It sounds hard, doesn’t it? I’ve been doing it since February of 2016 (what better time to start than in the Lenten season?), and I won’t say that it’s easy, but it’s easier than I thought it would be. My wife and I started out with 36 hour fasts centered on Fridays (eat dinner on Thursday evening, don’t eat again until Saturday morning), which was probably pushing things a bit too much too early. We stuck with that until we threw in the towel a week before Easter. Then we switched over to overnight 17 hour fasts and occasional 24 hour ones. Gradually we worked our way back to 36, then 48, then 60, and the week before last we did 72 hours together.
In fact, I’m fasting right now as I write this (it’s been almost exactly 24 hours since I’ve last eaten). It’s just part of our regular Saturday routine. (Be sure and let me know if you think that ‘starvation mode’ has compromised the quality of my writing.)
We’re data people, so we monitor our blood sugar, blood pressure, and our weight (and keep our doctors in the loop on what we’re doing). Blood sugar levels have dropped substantially for both of us. Neither of us were diabetic or even pre-diabetic, but levels were a little on the high side, so we were pleased to find that they dropped about ten percent for both of us. Weight has improved a lot, too (but for me there’s still a long way to go). Blood pressure is largely unchanged but we both had good numbers already so there was no need for change on that metric.
Fung’s book recommends a ketogenic diet as being more comfortable for someone with a fasting lifestyle and I agree: this would be much tougher if we were eating high carb. Before you give me the lecture about eating a lot of fats, we are getting most of our fats from coconut oil, olive oil, avocados and nuts, and my lipid profile has improved markedly.
The more I study the public policy confusion which has tied our health care system into knots, the more I want to stay away from it. No, we can’t avoid the whole system entirely, and there are parts of health care which work pretty well, but I just find myself wanting to do everything which can be done to avoid that Byzantine-verging-on-Kafka-esque system until it is absolutely needed. I don’t like the costs (perhaps that’s what comes of having adopted a health savings account a decade ago), and I don’t like the incentives. Good people in the system do their best to do their best for their patients, but that gets harder and harder with each new bright idea to fix the system from the top down.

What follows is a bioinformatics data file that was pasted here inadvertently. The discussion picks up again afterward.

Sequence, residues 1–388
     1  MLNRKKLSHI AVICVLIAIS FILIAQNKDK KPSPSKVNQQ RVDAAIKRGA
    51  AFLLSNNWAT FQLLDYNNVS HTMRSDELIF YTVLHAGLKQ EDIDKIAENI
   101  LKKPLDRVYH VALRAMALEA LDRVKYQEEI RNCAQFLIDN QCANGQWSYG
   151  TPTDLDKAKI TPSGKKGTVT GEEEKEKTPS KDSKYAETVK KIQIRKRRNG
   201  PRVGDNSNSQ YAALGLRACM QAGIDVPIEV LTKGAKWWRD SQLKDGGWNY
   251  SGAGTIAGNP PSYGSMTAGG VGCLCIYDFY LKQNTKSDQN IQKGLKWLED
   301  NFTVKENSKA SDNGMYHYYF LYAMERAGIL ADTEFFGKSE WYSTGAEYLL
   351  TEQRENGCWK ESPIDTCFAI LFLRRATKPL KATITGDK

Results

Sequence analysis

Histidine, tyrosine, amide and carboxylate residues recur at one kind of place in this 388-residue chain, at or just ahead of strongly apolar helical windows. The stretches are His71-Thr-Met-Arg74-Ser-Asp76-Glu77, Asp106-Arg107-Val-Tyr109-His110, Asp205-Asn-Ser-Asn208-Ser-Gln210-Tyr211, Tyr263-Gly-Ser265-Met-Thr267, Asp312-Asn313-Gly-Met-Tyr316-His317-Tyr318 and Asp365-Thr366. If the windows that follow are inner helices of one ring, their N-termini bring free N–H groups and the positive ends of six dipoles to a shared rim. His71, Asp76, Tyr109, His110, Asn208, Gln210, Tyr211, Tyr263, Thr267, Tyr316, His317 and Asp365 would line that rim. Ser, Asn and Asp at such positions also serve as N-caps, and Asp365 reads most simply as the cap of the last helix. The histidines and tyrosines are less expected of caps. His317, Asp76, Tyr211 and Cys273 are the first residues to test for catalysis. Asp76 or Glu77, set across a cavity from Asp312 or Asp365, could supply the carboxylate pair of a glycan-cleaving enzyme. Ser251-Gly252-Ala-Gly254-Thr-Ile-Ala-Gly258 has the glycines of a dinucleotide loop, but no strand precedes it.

While smart policy advocates work on fixing the system and the rest of us wait for them to succeed, we’ve decided to focus on fixing ourselves. It costs nothing except saying ‘no’ to our desires from time to time, and at least so far, it’s working.
I sat down across a Skype line with Dr. Fung recently to talk about his new book, The Complete Guide to Fasting, and his more academic work, The Obesity Code. You can hear the entire interview here, and you can read a partial transcript (edited for clarity) below:
Jerry Bowyer: The United States transformed its healthcare system. Now it’s un-transforming it back more in the direction of the way it was before, but with a lot of uncertainty about where we’re going to end up. And Americans are obviously very dependent on healthcare. It’s a system in which we tend to run to the doctor for a lot of things. It’s a very expensive system.
And it occurs to me in talking to you, Dr. Jason Fung, about your book, “The Complete Guide to Fasting”, which is just out now, and the paperback edition of “The Obesity Code”, that the idea of entering into intermittent fasting could be actually financially a very good decision because treatment is very expensive, especially for a metabolic syndrome. So do you have any thoughts on that?
Dr. Fung: Yeah, I think the implications for the healthcare system in general, not just for the United States, but really for the entire world, are enormous, because the treatment, fasting, is free. And if you compare it to how we normally treat these patients with medications and surgeries, the costs are huge.
And it’s not just one medication; it’s often multiple medications. And if you look at the spectrum of disease that we’re talking about, it runs virtually through everything. So the thing about fasting, for example, is that it’s really targeted towards the healthcare problems of today, because we’re stuck in a mindset of nineteenth century medicine.